The American Idol contestant Chris Daughtry is being sued by his former band mates, who claim that they are owed royalties for four songs that they helped to write. Ryan Andrews, Scott Crawford and Mark Perr have taken the matter to Guildford County Superior Court. The former members of Absent Element - who recorded one album together, entitled Uprooted, have claimed that they played a part in writing the songs and are seeking compensation. Chris is currently on tour with his new band, Daughtry.
This recent court case certainly won't be the first time in rock history that band members have taken their former comrades to court over money issues. In 1989, Mike Joyce and Andy Rourke of the seminal Mancunian indie group The Smiths famously took lead singer Morrissey and guitarist Johnny Marr to court, claiming that they were owed more than the paltry 10 per cent share they each took home from the band's earnings. And in the 1990s, members of the influential punk band the Dead Kennedys also claimed that their singer Jello Biafra had conspired to pay them lower royalty payments. Although Biafra was credited as sole songwriter on most of the band's material, after their demise, this became a point of contention for his band mates.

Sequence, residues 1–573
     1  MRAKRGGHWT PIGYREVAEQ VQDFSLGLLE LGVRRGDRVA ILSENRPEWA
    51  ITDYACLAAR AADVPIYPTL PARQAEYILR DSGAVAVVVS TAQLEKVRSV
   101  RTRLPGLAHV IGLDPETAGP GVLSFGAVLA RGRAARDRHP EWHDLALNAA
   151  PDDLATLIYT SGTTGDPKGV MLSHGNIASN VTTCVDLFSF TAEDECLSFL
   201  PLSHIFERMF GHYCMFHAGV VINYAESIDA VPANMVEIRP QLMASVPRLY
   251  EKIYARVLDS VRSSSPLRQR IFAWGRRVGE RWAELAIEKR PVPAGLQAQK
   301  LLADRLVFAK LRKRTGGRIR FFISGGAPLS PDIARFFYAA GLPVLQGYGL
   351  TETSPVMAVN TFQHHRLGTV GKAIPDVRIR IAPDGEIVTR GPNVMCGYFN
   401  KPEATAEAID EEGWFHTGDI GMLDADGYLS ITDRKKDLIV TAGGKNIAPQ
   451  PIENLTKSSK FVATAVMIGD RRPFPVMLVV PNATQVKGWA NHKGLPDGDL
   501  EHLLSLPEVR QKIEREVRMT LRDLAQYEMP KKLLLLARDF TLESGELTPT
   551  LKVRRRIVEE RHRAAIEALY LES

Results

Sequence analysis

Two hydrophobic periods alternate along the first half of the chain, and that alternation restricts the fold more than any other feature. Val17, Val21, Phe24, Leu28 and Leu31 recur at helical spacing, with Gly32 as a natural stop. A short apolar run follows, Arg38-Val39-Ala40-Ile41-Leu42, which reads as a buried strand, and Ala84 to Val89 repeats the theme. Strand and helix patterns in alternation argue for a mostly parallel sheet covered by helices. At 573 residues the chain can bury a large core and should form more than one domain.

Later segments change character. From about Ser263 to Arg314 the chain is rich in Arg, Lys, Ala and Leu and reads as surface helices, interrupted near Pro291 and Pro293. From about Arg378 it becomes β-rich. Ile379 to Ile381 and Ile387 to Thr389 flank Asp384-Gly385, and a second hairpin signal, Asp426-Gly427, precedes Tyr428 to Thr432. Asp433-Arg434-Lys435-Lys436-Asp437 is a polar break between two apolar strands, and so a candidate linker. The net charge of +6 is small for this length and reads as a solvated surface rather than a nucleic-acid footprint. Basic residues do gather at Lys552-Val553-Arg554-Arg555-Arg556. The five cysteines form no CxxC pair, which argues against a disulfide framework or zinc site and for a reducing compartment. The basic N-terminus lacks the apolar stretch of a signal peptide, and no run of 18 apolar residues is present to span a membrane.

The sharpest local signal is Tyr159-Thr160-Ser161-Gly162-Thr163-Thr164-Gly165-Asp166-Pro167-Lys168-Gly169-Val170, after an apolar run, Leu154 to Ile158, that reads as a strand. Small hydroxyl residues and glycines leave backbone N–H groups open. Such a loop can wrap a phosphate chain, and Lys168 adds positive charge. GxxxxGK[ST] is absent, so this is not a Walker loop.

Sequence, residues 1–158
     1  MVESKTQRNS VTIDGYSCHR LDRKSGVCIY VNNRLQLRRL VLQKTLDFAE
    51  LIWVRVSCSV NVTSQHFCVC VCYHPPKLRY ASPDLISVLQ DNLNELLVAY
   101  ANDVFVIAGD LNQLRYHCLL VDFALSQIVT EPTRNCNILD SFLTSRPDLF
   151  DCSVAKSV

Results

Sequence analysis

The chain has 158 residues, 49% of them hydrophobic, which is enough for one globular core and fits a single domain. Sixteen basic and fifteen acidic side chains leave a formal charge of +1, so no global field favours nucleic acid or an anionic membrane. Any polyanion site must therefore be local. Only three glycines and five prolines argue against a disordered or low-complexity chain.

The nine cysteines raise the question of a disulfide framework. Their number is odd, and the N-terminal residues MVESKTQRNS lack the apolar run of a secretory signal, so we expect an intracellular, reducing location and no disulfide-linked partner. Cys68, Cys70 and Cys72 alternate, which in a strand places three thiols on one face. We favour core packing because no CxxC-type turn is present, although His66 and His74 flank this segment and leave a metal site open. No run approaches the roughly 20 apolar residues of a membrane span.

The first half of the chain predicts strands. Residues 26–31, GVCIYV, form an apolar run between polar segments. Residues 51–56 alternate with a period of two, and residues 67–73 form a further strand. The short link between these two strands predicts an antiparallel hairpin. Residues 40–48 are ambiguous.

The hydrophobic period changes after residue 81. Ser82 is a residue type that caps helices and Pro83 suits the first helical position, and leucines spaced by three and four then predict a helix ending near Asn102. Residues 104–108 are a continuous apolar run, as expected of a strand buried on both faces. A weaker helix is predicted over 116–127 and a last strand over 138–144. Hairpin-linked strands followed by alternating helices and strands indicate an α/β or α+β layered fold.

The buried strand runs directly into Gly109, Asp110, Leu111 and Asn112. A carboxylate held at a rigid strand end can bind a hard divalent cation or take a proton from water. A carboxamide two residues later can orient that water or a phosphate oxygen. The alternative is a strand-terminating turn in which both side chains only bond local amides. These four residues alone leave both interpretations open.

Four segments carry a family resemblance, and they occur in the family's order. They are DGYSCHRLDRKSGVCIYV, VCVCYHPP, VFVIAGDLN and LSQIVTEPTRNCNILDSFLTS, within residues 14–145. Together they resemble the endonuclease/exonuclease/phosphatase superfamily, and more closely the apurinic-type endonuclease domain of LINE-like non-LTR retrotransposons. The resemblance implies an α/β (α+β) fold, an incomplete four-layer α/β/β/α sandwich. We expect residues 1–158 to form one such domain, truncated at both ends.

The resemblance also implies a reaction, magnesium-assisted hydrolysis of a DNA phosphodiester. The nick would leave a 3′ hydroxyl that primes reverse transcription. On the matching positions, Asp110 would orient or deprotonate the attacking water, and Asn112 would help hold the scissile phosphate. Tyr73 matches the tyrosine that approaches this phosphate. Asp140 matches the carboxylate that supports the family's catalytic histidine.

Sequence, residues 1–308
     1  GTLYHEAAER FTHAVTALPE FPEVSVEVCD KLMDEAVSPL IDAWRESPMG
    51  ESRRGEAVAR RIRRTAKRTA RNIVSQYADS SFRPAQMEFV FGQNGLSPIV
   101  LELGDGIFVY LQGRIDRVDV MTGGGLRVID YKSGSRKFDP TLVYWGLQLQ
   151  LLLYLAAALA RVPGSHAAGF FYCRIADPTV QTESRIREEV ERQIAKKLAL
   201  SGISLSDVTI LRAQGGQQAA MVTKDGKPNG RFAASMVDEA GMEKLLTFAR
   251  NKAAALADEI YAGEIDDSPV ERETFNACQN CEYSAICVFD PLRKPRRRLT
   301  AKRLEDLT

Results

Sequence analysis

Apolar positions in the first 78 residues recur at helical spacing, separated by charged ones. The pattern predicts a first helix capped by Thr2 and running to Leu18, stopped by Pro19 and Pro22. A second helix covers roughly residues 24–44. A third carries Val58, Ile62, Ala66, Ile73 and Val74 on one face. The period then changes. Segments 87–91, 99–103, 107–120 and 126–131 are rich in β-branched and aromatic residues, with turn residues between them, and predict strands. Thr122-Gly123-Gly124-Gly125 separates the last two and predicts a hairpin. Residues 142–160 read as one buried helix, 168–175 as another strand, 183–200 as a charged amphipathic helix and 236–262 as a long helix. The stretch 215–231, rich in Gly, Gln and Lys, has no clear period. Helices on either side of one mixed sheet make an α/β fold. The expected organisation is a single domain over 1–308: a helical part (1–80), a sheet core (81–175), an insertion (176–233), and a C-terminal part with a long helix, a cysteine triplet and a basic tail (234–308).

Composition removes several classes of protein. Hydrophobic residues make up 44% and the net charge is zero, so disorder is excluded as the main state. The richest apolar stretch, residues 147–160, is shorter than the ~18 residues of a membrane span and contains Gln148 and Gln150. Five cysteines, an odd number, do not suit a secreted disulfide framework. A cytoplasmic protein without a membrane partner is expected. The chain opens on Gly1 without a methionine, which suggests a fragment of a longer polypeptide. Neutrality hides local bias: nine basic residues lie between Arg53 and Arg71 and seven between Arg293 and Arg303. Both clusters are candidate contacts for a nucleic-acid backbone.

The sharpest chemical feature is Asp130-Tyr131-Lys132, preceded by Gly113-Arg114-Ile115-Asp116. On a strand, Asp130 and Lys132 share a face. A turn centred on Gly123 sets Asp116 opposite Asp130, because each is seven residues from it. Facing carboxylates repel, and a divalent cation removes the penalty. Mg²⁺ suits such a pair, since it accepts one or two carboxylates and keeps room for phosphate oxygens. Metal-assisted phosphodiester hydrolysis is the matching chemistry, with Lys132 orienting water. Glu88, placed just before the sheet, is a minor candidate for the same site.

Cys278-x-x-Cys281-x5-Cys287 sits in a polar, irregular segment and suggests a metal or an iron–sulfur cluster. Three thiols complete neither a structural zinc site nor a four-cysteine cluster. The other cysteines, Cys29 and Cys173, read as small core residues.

A more frequent occurrence is that band members become aggrieved that their former band mates are carrying on the name without them. In 2009, Ozzy Osbourne sued Tony Iommi for "wrongfully" claiming the use of their former band name, Black Sabbath. Luckily for the former members of Absent Element, Daughtry doesn't seem too keen to carry the band's name on and is happier to trade on the fame that he's found for himself through AMERICAN IDOL.